Review of a vegan diet based on personal experience
Being vegan takes some time to get used to – here’s what I learned from one month of veganism. (And especially the weeks after.)
Eating only plant-based for a month sounds very daunting and scary for many – myself included. I still gave it a go in order to challenge myself, try new recipes and be a better role model for my nutrition coaching clients. Read all the reasons in this previous post.
With Veganuary 2020 long behind us, I still want to share with you what I learned from living plant-based for a month. In general, being vegan is actually a lot easier than I thought. Yes, you might miss cheese and crave some particular items, but all in all, it’s really more than doable. Let’s talk about the good, the bad and the ugly truth.
Spoiler alert: There’s absolutely no need to eat tofu-burgers, tofu-sausages, fake turkey, beyond meat burgers and all that processed bulls*it.
The good – Challenging but very rewarding
If you go vegan you will become more adventurous, conscious of what goes into your body and might even lose a few pounds.
Eating only plant-based pushed me towards trying a lot of new things and products in the kitchen. The main reason for me to try veganism in the first place was to broaden my recipe repertoire. I became more adventurous in the kitchen again and tried more new recipes in a single month than I did in the whole year of 2019. Most of them were absolutely delicious. Especially if you try new recipes that try to simply swap out the meat for something else you will be delighted. Many of the recipes that I tried made me question why I was eating meat on a semi-regular basis anyway.
Veganism drives you towards being a lot more conscious of what goes into your body. You are forced to pretty much read the label of every single packaged or canned item in the supermarket. Animal products are hiding in a lot of places you might not expect them to be at. I knew about gelatine in wine-gums, but even the ones without gelatine have beeswax in them to make them shinier. Huh.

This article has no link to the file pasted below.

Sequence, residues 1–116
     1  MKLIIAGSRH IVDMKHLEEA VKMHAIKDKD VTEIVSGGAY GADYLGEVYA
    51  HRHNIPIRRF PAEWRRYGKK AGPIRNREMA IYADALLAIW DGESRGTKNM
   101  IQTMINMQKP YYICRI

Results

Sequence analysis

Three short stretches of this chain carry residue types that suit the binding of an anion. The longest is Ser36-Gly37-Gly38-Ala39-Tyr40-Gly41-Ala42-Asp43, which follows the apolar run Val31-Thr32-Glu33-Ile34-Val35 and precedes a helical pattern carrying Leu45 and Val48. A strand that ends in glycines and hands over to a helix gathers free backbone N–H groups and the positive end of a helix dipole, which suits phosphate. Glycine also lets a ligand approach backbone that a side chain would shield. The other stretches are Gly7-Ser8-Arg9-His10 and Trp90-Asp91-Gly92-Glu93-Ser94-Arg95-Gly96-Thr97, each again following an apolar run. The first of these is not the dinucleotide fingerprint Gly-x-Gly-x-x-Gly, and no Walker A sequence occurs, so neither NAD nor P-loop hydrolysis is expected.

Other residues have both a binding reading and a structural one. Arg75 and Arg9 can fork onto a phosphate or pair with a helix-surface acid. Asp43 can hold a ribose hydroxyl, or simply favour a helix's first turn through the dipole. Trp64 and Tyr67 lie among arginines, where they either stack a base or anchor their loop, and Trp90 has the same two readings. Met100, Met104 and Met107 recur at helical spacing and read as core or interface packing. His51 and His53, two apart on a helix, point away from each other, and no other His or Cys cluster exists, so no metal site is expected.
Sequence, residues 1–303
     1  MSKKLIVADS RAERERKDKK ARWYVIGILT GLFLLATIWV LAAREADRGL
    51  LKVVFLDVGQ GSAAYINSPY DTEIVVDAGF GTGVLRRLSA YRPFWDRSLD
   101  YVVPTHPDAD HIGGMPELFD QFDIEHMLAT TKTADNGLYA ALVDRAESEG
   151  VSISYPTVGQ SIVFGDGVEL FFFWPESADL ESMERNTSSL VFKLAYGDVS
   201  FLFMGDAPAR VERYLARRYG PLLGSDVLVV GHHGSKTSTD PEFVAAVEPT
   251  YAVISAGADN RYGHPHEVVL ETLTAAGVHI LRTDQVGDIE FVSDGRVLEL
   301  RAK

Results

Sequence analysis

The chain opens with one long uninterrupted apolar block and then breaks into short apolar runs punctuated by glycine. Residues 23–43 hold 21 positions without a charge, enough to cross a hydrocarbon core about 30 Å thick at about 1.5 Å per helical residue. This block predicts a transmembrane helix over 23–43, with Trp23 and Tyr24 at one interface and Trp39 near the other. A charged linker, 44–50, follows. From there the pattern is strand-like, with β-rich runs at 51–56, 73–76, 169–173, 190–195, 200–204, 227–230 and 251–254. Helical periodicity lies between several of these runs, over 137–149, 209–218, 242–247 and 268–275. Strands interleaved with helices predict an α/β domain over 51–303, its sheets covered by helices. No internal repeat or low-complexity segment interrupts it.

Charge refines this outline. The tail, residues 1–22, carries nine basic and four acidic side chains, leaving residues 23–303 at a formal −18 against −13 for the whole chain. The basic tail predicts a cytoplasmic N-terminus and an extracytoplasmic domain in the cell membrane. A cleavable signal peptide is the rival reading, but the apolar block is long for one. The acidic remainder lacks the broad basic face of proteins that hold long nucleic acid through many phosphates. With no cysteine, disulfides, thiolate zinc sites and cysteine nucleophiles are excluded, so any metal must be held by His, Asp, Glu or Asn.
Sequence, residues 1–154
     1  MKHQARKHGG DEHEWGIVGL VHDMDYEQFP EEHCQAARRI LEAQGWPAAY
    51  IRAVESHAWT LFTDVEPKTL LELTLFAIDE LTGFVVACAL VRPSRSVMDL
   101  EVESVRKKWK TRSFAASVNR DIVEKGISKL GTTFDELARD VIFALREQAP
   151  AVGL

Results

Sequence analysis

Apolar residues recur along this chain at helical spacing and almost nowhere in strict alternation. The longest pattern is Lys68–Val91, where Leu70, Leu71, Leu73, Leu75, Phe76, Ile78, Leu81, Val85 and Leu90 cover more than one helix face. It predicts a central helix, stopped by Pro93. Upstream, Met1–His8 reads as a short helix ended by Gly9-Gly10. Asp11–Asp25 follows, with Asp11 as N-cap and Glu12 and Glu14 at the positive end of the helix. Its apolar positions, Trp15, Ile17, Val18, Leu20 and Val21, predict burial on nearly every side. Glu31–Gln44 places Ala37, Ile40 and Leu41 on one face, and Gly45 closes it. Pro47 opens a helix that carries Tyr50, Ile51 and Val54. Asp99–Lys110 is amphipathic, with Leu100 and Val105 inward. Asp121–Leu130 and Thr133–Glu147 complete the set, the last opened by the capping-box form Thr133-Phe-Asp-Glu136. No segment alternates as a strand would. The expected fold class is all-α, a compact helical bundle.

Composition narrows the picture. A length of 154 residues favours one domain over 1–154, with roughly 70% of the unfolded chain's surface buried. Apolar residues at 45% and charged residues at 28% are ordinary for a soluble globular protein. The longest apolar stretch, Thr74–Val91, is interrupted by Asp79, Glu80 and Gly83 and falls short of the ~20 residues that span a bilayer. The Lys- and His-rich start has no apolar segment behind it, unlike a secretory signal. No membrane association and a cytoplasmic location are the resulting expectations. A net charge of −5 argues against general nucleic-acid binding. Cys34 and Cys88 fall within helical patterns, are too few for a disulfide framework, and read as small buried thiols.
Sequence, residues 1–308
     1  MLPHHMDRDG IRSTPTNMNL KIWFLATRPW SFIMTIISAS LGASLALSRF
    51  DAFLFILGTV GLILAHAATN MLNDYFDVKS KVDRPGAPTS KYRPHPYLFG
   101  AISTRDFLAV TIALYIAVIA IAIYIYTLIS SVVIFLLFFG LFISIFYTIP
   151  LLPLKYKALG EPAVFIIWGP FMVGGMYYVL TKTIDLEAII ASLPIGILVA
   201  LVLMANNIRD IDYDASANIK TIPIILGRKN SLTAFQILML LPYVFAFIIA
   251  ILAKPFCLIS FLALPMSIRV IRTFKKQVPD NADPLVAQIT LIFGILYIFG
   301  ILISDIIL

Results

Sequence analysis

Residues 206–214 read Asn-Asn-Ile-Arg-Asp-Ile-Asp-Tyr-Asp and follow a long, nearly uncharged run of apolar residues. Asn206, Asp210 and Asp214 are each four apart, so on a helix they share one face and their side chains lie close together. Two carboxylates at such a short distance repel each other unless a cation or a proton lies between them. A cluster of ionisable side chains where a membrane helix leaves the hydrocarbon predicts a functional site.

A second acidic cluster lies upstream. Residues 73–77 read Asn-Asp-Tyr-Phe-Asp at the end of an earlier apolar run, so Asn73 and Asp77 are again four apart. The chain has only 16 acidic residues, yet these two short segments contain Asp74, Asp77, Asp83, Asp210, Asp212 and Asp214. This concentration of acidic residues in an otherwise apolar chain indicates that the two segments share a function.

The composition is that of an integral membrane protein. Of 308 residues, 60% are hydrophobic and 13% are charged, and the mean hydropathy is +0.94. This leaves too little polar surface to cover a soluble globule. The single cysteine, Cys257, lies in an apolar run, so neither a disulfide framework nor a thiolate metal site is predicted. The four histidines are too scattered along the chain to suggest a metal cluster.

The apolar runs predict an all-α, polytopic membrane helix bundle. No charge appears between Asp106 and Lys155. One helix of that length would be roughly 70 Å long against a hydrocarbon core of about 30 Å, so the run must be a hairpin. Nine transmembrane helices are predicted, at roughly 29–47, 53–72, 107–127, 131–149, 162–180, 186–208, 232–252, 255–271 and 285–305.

If you start digging into veganism, you will learn so much about nutrition, animal welfare and the misinformation spread about vegan nutrition. Even as a certified nutrition coach I learned so much more about protein, B vitamins, nutrient deficiencies and the power of plants.
A whole foods plant-based diet also encourages you to cook more from scratch. Less processed foods, less manufactured products, and very little take-outs meant that I lost around 7 pounds in a month without counting any calories.
The bad – It’s not a magic bullet
“Your skin will clear up, your energy levels will increase, you will feel amazing on a vegan diet!”
I call bullsh*t on that one. I did not feel any different on a vegan diet than the times when I was eating clean and avoiding highly-processed foods.
The first two weeks of being vegan I ate pretty much everything in the supermarket snack aisle that was vegan. Lots of dark chocolate, oreo’s, coated crunchy nuts, chips, and other ultra-processed deep-fried salty potato snacks. Guess what, you can eat pretty unhealthy on a vegan diet. French fries, cola, and Oreos are all day every day? Totally vegan. Good for you? Probably not. It’s very much possible to gain a lot of weight and mess up your cardio-vascular system on a totally vegan diet.
Here’s the truth from my personal experience: A vegan diet will probably make you feel gassy and bloated! Even though legumes, beans, peas, and lentils were already staples in my diet, they become a lot more prominent. I also ate a lot more whole-wheat and whole-grain products. Pretty much all pasta and rice I ate was whole-grain. The extra fiber and starch in legumes and whole-grains can be quite unfamiliar for your gut and digestive system. That’s when you become bloated and gassy. Long-term vegans will tell you that this goes away after a while. It did not in the month that I tried a fully plant-based diet. Never in my life before did my gut felt so uncomfortable on a regular basis.
Being vegan can be quite difficult to maintain in social situations – as is pretty much any dietary change though. People will probably keep asking you why you are doing what you are doing. They might even get a little defensive about their own eating patterns, even if you are not trying to be preachy about your vegan choices.
The ugly truth – I choose not to stick to it